This program is produced with contributions from the following volunteers: Ankine Aghassian, Melissa Chiprin, Anaïs Amin, Tim Page, Mike Hurst and Sudd Dongre.

Scholars’ Circle – Plastics choking Oceans eco-system -/- The Anti-Govenment movement and US Constitution – Aug. 19th, 2018

First, tons of discarded plastic are choking off the ocean, killing wildlife, and building islands of garbage. How bad has it become and what can be done about it? [ dur: 19 mins. ]

Then, how is the anti-government movement a type of constitutional coup? How does civil service provide a check on presidential power? [ dur: 39 mins. ]

  • Jon Michaels is a Professor of Law at UCLA School of Law. He is the author of Constitutional Coup: Privatization’s Threat to the American Republic.

This program is produced with contributions from the following volunteers: Ankine Aghassian, Melissa Chiprin, Anaïs Amin, Tim Page, Mike Hurst and Sudd Dongre.

Scholars’ Circle – Stressed Oceans – May 20, 2018

Ocean life is under threat by multiple stressors: climate change, acidification, plastics, pollution, overfishing, overexploitation. We spend the hour with four experts of the seas. We discuss the realities facing our oceans and strides we’re making to protect, recover, and restore our oceans.[ dur: 58 mins. ]

Find book authored by our guest scholars on this Book Shelf .

This program is produced with generous contribution from Ankine Aghassian, Melissa Chiprin, Tim Page, Mike Hurst and Sudd Dongre.

Scholars’ Circle – Future of Food – May 6, 2018

Today’s program was recorded in front of a live audience. In this symposium about the future of food, we look at food insecurity, food shortages, food justice and sovereignty. We explore the threats to long term availability of health food: climate change, chemical contamination, soil depletion, loss of land, power politics, mass death of pollinators and host of big business practices. We look at solutions and the changes we need to make to be sure of system is just, sustainable and resilient. [ dur: 58 mins. ]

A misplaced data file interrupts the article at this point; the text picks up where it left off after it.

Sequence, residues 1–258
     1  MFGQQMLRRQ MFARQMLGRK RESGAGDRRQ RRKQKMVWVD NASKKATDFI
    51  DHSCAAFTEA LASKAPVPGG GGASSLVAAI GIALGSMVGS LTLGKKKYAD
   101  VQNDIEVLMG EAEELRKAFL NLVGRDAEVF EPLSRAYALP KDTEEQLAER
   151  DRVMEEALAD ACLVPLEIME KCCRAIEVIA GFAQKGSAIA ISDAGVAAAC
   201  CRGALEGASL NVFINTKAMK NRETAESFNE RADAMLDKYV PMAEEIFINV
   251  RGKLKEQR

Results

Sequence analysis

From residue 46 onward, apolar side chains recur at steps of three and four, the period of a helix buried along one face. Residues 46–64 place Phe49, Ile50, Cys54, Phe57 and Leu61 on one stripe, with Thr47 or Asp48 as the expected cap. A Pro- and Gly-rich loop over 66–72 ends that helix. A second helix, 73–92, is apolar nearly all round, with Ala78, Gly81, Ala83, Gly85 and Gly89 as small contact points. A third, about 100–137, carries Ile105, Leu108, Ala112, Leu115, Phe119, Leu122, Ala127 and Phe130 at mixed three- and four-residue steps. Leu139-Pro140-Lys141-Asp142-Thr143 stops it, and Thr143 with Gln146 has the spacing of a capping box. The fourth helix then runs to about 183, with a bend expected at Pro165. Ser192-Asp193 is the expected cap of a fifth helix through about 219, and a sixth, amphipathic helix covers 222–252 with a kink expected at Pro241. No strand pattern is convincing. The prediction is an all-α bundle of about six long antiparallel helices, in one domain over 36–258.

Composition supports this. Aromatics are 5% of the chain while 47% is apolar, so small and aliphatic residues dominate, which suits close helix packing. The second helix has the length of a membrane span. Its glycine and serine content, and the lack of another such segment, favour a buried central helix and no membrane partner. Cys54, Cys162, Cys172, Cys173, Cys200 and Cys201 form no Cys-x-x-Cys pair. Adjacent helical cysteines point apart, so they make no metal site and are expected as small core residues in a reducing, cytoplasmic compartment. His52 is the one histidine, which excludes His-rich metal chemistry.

• Ann Elizabeth Bartos is a Lecturer in the School of Environment at the University of Auckland. She has authored book chapters including ‘Food sovereignty and the possibilities for an equitable, just and sustainable food system”’in Eating, Drinking, Surviving: The international year of global understanding – IYGU and journal articles including ‘The body eating its food politics: reflections on relationalities and embodied ways of knowing’ in Gender, Place and Culture.
  • Gerhard Benjamin McDonald Sundborn is a Senior Lecturer in the School of Population Health at the University of Auckland. His has coauthored journal articles including ‘Low sugar nutrition policies and dental caries: A study of primary schools in South Auckland’ in the Journal of Paediatrics and Child Health and ‘Sugar, dental caries and the incidence of acute rheumatic fever: A cohort study of Māori and Pacific children’ in the Journal of Epidemiology and Community Health.
  • Daniel Carl Henare Hikuroa is a Senior Lecturer in the School of Māori Studies and Pacific Studies at the University of Auckland. He coedited the book Ara Mai he Tetekura: Visioning Our Futures: New and Emerging Pathways of Maori Academic Leadership and has coauthored journal articles including ‘Ensuring objectivity by applying the Mauri Model to assess the post-disaster affected environments of the 2011 MV Rena disaster in the Bay of Plenty, New Zealand’ in Ecological Indicators.
  • Mike Joy is a Senior Lecturer at the Institute of Agriculture and Environment at Massey University. He authored the book Polluted Inheritance: New Zealand’s freshwater crisis; authored book chapters including ‘Our deadly nitrogen addiction’ in The New Zealand Land & Food Annual; as well as coauthored journal articles including ‘New Zealand dairy farming: milking our environment for all its worth’ in Environmental Management.

This program is produced with generous contribution from Ankine Aghassian, Melissa Chiprin, Tim Page, Mike Hurst and Sudd Dongre.

Scholars’ Circle – Insight into Water Crisis: reasons, effect on population and policy issues. – March 18, 2018

The world is facing a water crisis. In a new report the World Bank and the United Nations have reported that some 40 percent of the world’s population is effected by water scarcity, two billion people rely on unsafe water, and some 700 million people are at risk of being displaced by water scarcity. We spend the hour with four experts on water and water governance. [ dur: 58 mins. ]